As the old adage goes, you don’t fatten a pig by weighing it. Nor do you solve an abuse crisis simply by having summits to discuss it. It is therefore in part understandable if the Pope has sought to play down expectations of what the bishops gathering now in Rome might achieve. However, for someone who once memorably counselled pastors to smell of the sheep, the Pope risks appearing overly sanitised if he does not demonstrate that he shares the urgency of the People of God to change things.
The levels of frustration and demoralisation among priests and people grows daily as more revelations of abuse emerge. But the proximate cause of this summit was not the abuse of minors; it was the discovery that one of the highest-ranking churchmen had lived a double life for 50 years and that this was hidden in plain sight. Theodore McCarrick was himself no stranger to summits issuing charters promising to end abuse.
By blocking the US bishops from voting on any new measures to clean house back in November, the Vatican has assumed total responsibility for a crisis which will not be solved with another talkathon on the evils of abuse and more promises of transparency.
It is a positive move, I think, that the voices of survivors will figure more prominently in this summit. The Pope speaks of the need to educate bishops in their suffering. But again this is equivocal. It could equally be evidence of what desperate straits we are in if bishops still need to be brought up to speed on the fact that child abuse has devastating and far-reaching consequences. They are, after all, the anointed successors of those who were told that it is to such that the Kingdom of Heaven belongs and that anyone who scandalises a child should hang a millstone round his neck and be drowned. And the Church has had a Pontifical Commission for the Protection of Minors for almost five years now, from which both survivors of abuse resigned, frustrated by it’s inaction.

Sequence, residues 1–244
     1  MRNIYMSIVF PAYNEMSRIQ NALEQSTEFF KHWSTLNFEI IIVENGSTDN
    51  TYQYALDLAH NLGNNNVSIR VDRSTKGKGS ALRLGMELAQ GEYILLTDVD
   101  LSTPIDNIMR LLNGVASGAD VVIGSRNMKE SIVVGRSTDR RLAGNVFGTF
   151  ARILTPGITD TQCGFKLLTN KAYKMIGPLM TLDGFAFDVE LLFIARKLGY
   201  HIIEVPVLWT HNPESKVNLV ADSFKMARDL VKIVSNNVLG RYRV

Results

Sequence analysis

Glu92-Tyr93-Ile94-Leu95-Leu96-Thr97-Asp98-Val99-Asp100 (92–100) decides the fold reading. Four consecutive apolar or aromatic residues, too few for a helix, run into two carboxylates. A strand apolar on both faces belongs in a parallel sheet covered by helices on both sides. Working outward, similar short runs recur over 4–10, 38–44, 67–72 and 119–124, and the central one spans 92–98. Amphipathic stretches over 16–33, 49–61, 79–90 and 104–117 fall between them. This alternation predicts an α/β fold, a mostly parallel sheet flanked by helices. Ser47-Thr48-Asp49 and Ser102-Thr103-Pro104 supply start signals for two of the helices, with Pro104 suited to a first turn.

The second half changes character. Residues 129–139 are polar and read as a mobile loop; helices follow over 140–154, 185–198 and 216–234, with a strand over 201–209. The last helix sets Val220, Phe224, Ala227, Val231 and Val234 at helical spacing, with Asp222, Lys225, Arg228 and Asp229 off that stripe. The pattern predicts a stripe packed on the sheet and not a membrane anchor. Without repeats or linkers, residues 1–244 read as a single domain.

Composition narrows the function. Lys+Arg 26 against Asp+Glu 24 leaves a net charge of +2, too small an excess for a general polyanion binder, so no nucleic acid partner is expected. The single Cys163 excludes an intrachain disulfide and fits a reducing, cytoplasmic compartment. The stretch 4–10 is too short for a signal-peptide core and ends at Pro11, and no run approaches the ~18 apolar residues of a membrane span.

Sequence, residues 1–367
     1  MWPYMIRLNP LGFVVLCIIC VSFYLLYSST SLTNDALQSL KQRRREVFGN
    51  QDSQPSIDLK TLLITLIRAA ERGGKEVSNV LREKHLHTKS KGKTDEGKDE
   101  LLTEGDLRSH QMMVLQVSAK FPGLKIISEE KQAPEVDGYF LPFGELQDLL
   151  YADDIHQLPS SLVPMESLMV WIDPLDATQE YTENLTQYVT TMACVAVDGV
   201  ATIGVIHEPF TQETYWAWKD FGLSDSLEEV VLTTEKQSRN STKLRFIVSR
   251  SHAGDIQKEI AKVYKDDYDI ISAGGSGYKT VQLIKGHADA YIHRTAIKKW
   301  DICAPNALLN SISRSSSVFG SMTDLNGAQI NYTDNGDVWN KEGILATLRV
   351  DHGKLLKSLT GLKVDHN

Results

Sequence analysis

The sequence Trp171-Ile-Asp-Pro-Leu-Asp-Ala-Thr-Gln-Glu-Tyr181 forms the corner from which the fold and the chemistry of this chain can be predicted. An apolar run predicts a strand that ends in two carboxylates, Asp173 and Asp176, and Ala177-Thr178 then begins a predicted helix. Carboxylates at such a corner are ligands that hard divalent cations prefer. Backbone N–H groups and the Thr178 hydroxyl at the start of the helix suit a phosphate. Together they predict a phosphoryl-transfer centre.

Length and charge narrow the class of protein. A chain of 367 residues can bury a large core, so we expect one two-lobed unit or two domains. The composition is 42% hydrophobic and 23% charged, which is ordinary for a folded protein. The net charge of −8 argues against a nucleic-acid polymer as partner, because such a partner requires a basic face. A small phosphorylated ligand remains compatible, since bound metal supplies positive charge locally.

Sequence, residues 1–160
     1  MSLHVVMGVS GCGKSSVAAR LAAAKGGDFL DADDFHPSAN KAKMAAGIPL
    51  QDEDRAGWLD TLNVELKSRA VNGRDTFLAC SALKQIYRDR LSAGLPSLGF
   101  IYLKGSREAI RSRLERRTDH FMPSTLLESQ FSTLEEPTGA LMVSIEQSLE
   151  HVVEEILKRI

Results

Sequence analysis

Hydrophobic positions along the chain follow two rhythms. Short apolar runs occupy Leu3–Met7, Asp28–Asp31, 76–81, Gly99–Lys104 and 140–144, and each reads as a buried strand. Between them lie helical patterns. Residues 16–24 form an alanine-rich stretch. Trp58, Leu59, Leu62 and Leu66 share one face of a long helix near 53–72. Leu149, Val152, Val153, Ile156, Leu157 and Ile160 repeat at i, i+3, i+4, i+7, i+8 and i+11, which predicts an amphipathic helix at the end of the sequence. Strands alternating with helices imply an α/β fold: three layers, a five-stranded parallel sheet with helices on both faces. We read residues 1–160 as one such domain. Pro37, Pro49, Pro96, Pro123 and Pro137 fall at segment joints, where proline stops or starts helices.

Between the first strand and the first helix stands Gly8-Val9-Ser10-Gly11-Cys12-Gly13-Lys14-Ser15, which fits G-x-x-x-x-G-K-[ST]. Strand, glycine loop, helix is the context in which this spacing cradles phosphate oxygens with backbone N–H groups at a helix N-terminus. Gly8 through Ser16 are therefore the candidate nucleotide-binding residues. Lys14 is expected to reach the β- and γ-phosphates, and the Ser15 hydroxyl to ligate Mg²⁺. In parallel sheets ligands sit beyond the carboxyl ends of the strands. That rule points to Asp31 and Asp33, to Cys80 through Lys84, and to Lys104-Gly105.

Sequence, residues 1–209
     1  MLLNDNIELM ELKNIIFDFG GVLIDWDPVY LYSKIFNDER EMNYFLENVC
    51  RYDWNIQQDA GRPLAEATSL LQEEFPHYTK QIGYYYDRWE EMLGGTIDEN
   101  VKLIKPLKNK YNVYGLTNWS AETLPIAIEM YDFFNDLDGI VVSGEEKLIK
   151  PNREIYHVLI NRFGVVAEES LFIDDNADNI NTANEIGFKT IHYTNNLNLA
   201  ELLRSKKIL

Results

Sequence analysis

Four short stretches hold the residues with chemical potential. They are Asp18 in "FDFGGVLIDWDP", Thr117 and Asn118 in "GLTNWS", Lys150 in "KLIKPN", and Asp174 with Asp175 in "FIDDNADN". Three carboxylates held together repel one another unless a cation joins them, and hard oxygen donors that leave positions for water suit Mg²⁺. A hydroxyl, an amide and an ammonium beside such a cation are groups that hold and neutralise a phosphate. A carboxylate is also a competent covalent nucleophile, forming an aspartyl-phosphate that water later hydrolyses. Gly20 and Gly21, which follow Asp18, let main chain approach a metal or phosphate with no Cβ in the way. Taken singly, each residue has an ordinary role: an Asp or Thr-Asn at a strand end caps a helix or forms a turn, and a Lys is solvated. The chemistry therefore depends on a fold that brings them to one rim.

What might we reasonably expect from the summit? I think the first thing is that the crisis be addressed not simply in sociological terms. This is a spiritual crisis, not just a crisis of leadership requiring more regulations to promote good practice. The Church has not been a Mother; her leaders have not been fathers.
Some kind of whistleblowing mechanism, some kind of accountability for bishops which does not de facto appoint cronies or patrons as judge and jury, would be evidence of a real desire for transparency. In that regard, another reasonable expectation would be that those privy to McCarrick’s record at any stage be held to public account. The laicisation of “Uncle Ted” does not remotely close that particularly gruesome chapter. Given the gravity of Archbishop Carlo Viganò’s claims, the transparency we have been promised means they must be addressed, however unwelcome their implication or suspect their motivation. Unlike gossip, whistleblowing invites an examination of the facts by citing dates and documentary sources. If a former nuncio’s testimony can be dismissed as malicious gossip, why will survivors’ stories be heard?
The credibility of the Church’s entire mission is at stake. Is it an unrealistic hope that we might begin to speak of the victims of abuse as having the same priority and claim on our care and resources as migrants and the victims of human trafficking? They are, in fact, our own in-house victims, fleeing unacceptable standards of security, objectification and enslavement by her own representatives. They are truly on the peripheries of the Church. They need some concrete help.